A: The PPP is a large party and there are differences of opinion within the party, but as far as I can recall, the president has said that he has appointed a committee under the Minister of Minorities, Shahbaz Bhatti to look at these amendments and he (Bhatti) is committed to seeing this through. But it is not simply a question of support within the party. It is about getting a critical mass in the house. Actually, it is about making room to start a discourse. Pakistan has been on the defensive about this law for a long time now. And it is not something I feel we should let the religious right cast a vote over.
Q: Is it just the religious right though, that is proving to be a stumbling block. What about the majority party in the Punjab? The PML-N in the past has supported the death penalty in the Blasphemy Law and that holds sway in the province where two-thirds of blasphemy cases have taken place. Are they backing you?
A: I really can’t say. But, I was on a television programme with one of their legislators and he was fulminating against the law and he said it must be repealed.
In any case, I am not prone to sitting down and not acting. We have to take responsibility. We have to open space for discourse in the mainstream and not just civil society and the media. However, the media and civil society need to support this campaign otherwise the bill will drop like a stone in the assembly. In fact, some of the PML-N representatives have been calling up to tell me that they will support me.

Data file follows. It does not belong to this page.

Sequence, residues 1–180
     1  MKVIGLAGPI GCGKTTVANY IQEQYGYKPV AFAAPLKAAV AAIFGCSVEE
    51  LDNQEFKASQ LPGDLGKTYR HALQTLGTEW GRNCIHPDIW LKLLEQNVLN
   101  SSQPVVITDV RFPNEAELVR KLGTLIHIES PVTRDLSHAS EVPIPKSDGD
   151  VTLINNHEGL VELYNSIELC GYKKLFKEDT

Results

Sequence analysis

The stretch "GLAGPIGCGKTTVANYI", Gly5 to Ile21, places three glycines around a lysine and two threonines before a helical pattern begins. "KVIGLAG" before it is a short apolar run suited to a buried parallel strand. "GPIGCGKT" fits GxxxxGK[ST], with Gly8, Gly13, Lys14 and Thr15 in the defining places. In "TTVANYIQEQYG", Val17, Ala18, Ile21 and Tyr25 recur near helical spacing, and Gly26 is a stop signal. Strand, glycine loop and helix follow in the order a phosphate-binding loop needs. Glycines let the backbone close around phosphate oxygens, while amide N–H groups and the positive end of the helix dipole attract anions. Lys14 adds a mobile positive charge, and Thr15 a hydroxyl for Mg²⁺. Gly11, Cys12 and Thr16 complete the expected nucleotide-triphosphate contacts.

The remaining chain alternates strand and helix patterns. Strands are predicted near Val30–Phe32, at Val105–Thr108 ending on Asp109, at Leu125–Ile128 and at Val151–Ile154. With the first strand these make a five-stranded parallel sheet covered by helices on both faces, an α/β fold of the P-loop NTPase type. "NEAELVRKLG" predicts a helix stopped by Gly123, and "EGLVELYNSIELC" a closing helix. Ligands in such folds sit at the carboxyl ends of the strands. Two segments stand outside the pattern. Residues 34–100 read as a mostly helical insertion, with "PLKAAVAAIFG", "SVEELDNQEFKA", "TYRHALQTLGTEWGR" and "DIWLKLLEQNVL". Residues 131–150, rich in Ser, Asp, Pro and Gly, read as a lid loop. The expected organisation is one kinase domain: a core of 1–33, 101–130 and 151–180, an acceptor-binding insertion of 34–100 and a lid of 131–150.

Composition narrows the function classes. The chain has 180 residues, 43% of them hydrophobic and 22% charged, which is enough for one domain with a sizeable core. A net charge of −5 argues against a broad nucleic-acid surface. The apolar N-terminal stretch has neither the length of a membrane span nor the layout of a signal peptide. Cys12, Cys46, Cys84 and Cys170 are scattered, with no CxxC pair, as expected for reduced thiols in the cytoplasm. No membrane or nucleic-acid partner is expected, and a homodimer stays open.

Q: Is there any place for these laws in Islam?
A: I don’t think there is room for them. You can find progressive versions in Islam, within academic Islam and jurisprudence. The point is, law is always made not on exceptions but on the rule. You may find one or two verses against my amendments, but several against injustice. The central thing in Islam is that injustice should not be tolerated. So if so many centuries later, gross and egregious injustice is being perpetrated on the basis of these laws, then there is no place for them. You don’t have to be a religious scholar of one sect or the other to see that. Secondly, the Prophet (PBUH) was never prone to any kind of intolerance and he would have stood actively to safeguard the rights of the minorities, the vulnerable and the poor.